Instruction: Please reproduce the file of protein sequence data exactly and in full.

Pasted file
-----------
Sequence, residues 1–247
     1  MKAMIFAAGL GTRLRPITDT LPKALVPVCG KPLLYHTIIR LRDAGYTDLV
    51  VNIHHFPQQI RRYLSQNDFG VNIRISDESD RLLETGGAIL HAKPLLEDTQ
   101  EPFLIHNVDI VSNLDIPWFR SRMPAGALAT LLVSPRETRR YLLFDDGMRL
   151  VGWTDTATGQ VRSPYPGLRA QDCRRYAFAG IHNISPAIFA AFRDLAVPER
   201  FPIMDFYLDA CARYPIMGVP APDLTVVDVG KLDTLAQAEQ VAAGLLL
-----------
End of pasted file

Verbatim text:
Sequence, residues 1–247
     1  MKAMIFAAGL GTRLRPITDT LPKALVPVCG KPLLYHTIIR LRDAGYTDLV
    51  VNIHHFPQQI RRYLSQNDFG VNIRISDESD RLLETGGAIL HAKPLLEDTQ
   101  EPFLIHNVDI VSNLDIPWFR SRMPAGALAT LLVSPRETRR YLLFDDGMRL
   151  VGWTDTATGQ VRSPYPGLRA QDCRRYAFAG IHNISPAIFA AFRDLAVPER
   201  FPIMDFYLDA CARYPIMGVP APDLTVVDVG KLDTLAQAEQ VAAGLLL